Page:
Welcome to Tribe Talk, where our panel of Cleveland Indians fans weighs in on the ups and downs of the club each week throughout the season.

With our Tribe deeply buried in the AL Central cellar, this week we start looking ahead to next year.

Exploring Chris Antonetti's transition to the GM position at the end of the season, venturing a few guesses as to what action the Indians will take on the free agent market this winter, and predicting what the future holds for the 2011 starting rotation and lineup. 

I would like to thank this week's participants Lewie Pollis, The Coop, and Nino Colla. This discussion is open to all, so please feel free to comment below and share your thoughts on the questions we're addressing this week.

Go Tribe!

1. With just over a month left in the season and the Tribe 21.5 games out of first and firmly entrenched in the AL Central basement, it's time to do what we in Cleveland do best: Wait til next year. 

With that in mind, let's make an attempt at an early assessment of how things will shake out for the Tribe in 2011, starting with the front office. 

Mark Shapiro will step down at the end of this season and move to the team president role, and Chris Antonetti will take over as GM. How do you feel about this change? 

Do you think Antonetti will be an improvement over Shapiro? Are you part of the camp that wanted Shapiro out? 

Given that Shapiro will still retain a role with the team, and that Antonetti is his protege, do you think this move will really make things any different? And for those of you who are satisfied with the job Shapiro has done, do you think Antonetti will follow suit?

Samantha Bunten: Seems like once again, it's time to bring up that trusty old "swapping deck chairs on the titanic" analogy. By bringing in Shapiro's long-time right-hand man as GM, and allowing Shapiro to stay on as team president, the Indians aren't really making any attempt to change course; they're just shuffling the deck. 

The move has a pointless feel to it. It won't result in a change from the current front office philosophy, which has largely failed us. It's like bickering over seating arrangements at a dinner party taking place in a burning building.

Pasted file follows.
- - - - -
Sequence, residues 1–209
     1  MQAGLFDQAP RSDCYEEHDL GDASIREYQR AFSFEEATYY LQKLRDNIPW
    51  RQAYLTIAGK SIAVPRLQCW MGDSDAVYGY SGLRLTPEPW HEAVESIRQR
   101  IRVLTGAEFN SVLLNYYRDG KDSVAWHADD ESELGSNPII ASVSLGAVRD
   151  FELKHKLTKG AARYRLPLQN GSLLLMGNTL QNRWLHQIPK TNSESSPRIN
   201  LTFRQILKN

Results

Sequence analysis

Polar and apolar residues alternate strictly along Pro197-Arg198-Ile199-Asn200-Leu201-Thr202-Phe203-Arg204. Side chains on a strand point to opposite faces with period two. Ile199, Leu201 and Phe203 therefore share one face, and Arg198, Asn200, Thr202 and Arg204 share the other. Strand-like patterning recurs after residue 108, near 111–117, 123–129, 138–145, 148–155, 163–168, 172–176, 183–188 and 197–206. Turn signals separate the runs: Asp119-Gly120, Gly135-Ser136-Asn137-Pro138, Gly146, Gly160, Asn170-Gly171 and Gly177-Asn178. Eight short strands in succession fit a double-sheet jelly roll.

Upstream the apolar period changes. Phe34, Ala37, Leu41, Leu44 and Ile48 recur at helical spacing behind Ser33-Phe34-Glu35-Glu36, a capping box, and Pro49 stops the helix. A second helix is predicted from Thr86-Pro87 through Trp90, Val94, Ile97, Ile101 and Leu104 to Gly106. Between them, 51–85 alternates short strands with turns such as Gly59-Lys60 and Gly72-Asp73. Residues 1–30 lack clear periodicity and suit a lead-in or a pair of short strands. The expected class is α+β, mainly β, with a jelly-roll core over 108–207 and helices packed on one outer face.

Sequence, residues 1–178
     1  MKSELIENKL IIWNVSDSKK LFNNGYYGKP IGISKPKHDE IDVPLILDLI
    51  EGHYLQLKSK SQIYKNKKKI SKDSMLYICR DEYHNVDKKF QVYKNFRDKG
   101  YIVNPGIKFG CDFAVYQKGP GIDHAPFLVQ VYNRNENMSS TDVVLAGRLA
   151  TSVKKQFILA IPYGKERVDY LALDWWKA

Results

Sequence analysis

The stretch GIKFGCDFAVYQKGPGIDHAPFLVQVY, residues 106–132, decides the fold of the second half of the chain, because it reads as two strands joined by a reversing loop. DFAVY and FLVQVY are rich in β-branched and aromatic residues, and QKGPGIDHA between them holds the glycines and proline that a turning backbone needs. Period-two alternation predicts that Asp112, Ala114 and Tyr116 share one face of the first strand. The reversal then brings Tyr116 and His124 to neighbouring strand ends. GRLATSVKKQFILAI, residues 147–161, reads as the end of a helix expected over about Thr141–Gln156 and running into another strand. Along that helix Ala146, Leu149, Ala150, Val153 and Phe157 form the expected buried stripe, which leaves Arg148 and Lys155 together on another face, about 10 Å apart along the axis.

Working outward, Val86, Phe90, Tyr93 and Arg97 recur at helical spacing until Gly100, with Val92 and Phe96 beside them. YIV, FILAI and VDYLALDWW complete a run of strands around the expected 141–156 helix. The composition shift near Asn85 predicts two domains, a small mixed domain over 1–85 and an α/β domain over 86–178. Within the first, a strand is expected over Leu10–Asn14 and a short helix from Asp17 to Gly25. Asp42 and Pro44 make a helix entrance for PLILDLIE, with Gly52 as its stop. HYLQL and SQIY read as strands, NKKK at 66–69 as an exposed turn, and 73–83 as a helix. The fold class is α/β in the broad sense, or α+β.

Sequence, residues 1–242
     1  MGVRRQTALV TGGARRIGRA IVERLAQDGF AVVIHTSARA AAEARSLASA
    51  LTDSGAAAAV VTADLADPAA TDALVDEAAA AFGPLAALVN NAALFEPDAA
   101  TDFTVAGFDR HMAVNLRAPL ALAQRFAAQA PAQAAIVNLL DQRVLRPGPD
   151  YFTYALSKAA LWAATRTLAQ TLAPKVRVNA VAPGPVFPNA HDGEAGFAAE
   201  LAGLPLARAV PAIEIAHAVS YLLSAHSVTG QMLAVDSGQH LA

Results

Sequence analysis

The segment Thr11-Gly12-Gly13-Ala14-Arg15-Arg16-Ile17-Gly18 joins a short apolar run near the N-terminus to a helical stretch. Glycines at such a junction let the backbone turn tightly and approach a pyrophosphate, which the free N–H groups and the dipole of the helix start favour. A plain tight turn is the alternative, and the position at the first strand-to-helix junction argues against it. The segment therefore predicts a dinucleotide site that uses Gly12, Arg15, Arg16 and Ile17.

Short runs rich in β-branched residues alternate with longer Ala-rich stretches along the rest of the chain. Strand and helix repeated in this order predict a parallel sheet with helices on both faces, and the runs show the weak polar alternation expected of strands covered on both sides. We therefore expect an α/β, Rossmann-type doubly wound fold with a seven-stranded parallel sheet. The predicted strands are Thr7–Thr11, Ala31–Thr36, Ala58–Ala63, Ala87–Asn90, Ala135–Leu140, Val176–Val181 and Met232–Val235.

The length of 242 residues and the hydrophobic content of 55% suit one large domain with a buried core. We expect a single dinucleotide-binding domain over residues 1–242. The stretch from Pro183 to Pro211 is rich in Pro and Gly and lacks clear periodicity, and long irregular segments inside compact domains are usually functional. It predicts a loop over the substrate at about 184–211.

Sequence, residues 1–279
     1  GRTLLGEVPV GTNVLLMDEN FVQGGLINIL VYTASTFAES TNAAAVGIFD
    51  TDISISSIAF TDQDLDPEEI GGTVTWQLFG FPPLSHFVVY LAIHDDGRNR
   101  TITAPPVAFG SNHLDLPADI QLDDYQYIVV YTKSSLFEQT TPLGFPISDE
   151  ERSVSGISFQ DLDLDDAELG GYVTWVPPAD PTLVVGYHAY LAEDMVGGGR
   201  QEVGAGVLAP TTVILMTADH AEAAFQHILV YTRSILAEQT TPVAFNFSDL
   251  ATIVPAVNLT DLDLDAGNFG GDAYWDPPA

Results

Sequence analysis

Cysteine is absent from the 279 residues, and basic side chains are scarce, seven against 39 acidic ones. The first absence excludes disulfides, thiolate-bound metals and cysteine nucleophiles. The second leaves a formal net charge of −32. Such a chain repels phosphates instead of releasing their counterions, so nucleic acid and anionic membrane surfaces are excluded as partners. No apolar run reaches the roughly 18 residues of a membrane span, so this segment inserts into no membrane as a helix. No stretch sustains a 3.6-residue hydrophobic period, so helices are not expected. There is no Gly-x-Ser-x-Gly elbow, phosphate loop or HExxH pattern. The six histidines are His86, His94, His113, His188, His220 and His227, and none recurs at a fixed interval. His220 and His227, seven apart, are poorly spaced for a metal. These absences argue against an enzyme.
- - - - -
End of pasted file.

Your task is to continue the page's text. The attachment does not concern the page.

Okay, okay, now that I've gotten to take my shots, I suppose I'll give Antonetti a chance for at least a season or two before condemn him to keeping us in the losing holding pattern we've been in under Shapiro. 

The optimism of that sounds a little lame even as I type it now, given that Antonetti has been groomed (crippled?) by Shapiro for years now, but who knows? Maybe he'll surprise us by bucking the trend.

Dare to dream. 

Lewie Pollis: The last 10 years have been extremely frustrating for every Indians fan, but that's not Shapiro's fault. He's made his share of mistakes, but I have no doubt that he is one of the best GMs in the game. 

Think about how he revolutionized the rebuilding process. For many teams, the word "rebuilding" means a decade of cellar-dwelling misery. 

We had it good—just three losing seasons separated the end of our Glory Days in 2001 from our 93-win resurgence in 2005. We were one game away from the pennant in 2007; now we have arguably the deepest farm system in the game and are likely to be serious contenders before the end of the Mayan calendar. 

And let's not forget the trades.

Shin-Shoo Choo, Asdrubal Cabrera, Carlos Santana... talk about great pick-ups. It's too early to judge the Lee and Martinez trades. Even if they haven't done much yet I'm quite pleased with getting Michael Brantley and Matt LaPorta in exchange for two months of CC Sabathia. 

Then, of course, there's the Bartolo Colon deal, which has to be remembered as one of the most lopsided trades in baseball history. 

I don't know what Antonetti will do once he takes the reins, but I'm betting that things won't change very much. I just hope that when Weglarz, Chisenhall, & Co. start tearing up the AL Central, people will remember who really built the team.

Nino Colla: I'm excited for the move. I can't wait to see a fresh type of leadership on the baseball operations side of things. It will remain to be seen if Antonetti will be an improvement, but I think Chris has the tools to be successful. 

I think the biggest thing for him is to establish his own way of doing things. I think in ways he is much like Shapiro, or else he wouldn't have been Mark's right-hand man all these years.

However, Chris is his own person and he has to do things his way while still following the organizational philosophy. I did not want Mark Shapiro to be fired because I think he has done what he could do with the budget and circumstances he's been given. 

Will things really be different?

The circumstances might be tougher for Antonetti and he may have a shorter leash with the fans because of all the recent talent brought in, but I think while it will be business as usual, Antonetti is going to be the guy calling the shots when it comes to that talent.

The Coop: The only good thing I can say about Mark Shapiro is that Larry Dolan didn’t do him any favors by being cheap. Shapiro was faced with the unenviable task of slashing payroll and rebuilding an entire organization. 

A lot of people have vilified Shapiro for cleaning house over the last few years (demolishing the house, really), but I don’t think Shapiro is so dumb that he wouldn’t have signed Sabathia, Lee and Martinez if his owner would have let him. 

Still, the “cheap owner” excuse only goes so far.

There are many, many playoff contenders (some perennial), who have done much more with much less.

Ultimately, Shapiro was a disaster.